Mechanical Engineering Department Seminar
11:00 AM Friday, January 23, 2009 in room 245, Refreshments served at 10:45 AM
Division of Applied Mathematics
Large Scale Simulation of the Human Arterial Tree
Blood circulation in the human arterial tree is the envy of every engineer: for an average adult, the blood travels in just one minute more than 60,000 miles. Simulating the human arterial tree is a grand challenge and requires state-of-the-art algorithms and computers. In this talk, I will discuss modeling of arterial flow in a patient-specific intracranial arterial tree and stenosed carotid artery, and present a methodology that overcomes the aforementioned challenge; specifically, I will focus on the following:
a) Modeling of the outflow boundary conditions in flow simulation in complex arterial networks counting multiple outlets, such as intracranial vascular system presented in figure below. The suggested model is based on time-dependent resistance-capacitance low-pass filter.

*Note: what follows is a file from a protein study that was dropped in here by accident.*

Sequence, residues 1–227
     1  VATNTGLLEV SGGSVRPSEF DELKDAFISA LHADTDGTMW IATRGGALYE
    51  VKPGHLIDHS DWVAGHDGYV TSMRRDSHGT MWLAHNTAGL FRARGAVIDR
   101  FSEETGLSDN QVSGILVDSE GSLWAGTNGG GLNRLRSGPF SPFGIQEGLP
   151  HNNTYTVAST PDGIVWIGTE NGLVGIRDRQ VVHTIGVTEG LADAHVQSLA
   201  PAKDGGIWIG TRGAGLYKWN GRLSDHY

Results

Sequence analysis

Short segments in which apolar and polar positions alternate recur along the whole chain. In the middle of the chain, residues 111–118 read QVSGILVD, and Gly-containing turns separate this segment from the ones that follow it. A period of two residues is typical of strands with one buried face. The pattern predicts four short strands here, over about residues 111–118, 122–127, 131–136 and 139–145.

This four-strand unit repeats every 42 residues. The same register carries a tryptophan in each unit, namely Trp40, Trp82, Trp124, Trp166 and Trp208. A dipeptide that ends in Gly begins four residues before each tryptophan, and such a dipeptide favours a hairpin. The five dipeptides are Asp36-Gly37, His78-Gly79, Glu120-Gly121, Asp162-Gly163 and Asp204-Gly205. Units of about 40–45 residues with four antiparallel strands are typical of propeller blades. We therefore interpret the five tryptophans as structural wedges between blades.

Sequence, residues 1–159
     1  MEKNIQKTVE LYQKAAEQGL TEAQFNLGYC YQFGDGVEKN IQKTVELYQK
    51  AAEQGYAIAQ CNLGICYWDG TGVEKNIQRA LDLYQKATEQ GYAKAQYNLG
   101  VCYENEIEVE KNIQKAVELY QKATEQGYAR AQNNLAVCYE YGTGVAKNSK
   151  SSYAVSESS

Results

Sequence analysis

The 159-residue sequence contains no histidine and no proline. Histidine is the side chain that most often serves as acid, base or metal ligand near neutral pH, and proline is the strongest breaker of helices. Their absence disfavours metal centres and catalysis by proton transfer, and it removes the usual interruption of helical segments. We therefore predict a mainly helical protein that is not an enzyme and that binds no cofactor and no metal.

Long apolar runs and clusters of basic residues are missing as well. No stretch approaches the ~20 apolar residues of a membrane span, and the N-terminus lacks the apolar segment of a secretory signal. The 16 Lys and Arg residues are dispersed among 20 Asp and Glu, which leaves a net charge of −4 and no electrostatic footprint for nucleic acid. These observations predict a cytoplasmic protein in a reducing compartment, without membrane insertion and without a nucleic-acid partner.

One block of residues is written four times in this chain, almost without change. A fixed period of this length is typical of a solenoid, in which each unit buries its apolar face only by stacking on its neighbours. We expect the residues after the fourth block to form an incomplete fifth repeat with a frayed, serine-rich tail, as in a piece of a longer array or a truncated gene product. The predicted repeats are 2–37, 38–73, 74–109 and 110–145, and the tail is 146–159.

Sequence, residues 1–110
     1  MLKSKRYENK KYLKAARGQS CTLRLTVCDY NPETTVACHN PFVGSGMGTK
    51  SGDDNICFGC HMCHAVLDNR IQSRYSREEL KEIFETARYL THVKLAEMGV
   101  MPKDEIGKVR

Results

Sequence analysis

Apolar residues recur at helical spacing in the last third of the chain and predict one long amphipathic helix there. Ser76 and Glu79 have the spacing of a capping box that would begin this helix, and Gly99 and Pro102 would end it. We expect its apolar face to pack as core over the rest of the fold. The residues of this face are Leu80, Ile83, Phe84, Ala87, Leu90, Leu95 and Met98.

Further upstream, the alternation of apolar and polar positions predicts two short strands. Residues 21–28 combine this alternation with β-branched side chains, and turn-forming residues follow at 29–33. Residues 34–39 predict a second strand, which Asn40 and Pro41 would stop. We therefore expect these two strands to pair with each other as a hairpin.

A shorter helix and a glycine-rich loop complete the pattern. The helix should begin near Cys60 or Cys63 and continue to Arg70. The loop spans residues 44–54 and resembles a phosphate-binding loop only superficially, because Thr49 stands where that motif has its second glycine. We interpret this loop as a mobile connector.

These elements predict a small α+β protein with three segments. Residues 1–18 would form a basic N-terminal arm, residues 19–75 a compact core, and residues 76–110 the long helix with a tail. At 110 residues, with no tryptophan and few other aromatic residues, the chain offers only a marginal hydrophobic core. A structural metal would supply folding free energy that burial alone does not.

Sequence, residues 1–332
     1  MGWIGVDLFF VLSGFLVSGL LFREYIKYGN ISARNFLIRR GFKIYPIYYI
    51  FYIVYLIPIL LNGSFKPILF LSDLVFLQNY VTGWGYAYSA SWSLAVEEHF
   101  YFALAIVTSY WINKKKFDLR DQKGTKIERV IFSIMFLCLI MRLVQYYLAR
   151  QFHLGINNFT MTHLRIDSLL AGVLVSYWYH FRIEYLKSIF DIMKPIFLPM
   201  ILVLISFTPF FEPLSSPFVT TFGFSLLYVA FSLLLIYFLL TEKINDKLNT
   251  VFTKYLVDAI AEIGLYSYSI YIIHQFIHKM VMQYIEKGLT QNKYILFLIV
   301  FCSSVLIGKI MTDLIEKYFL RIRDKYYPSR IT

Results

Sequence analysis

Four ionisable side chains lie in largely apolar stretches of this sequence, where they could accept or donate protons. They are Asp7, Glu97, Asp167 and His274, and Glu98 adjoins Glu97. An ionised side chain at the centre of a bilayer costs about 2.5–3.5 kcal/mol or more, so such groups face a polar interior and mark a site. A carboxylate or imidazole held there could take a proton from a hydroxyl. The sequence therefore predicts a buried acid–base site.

b) Ultra-scale parallel algorithms and a two-level domain decomposition (2DD) method for solution of Navier-Stokes equations with billions of unknowns on thousands of computer processors. The 2DD combines the discontinuous and continuous Galerkin formulations.
c) Application of a time- and space-window Proper Orthogonal Decomposition (POD) for analysis of intermittent laminar-turbulent flow in stenosed carotid artery and utility of the POD in clinical settings.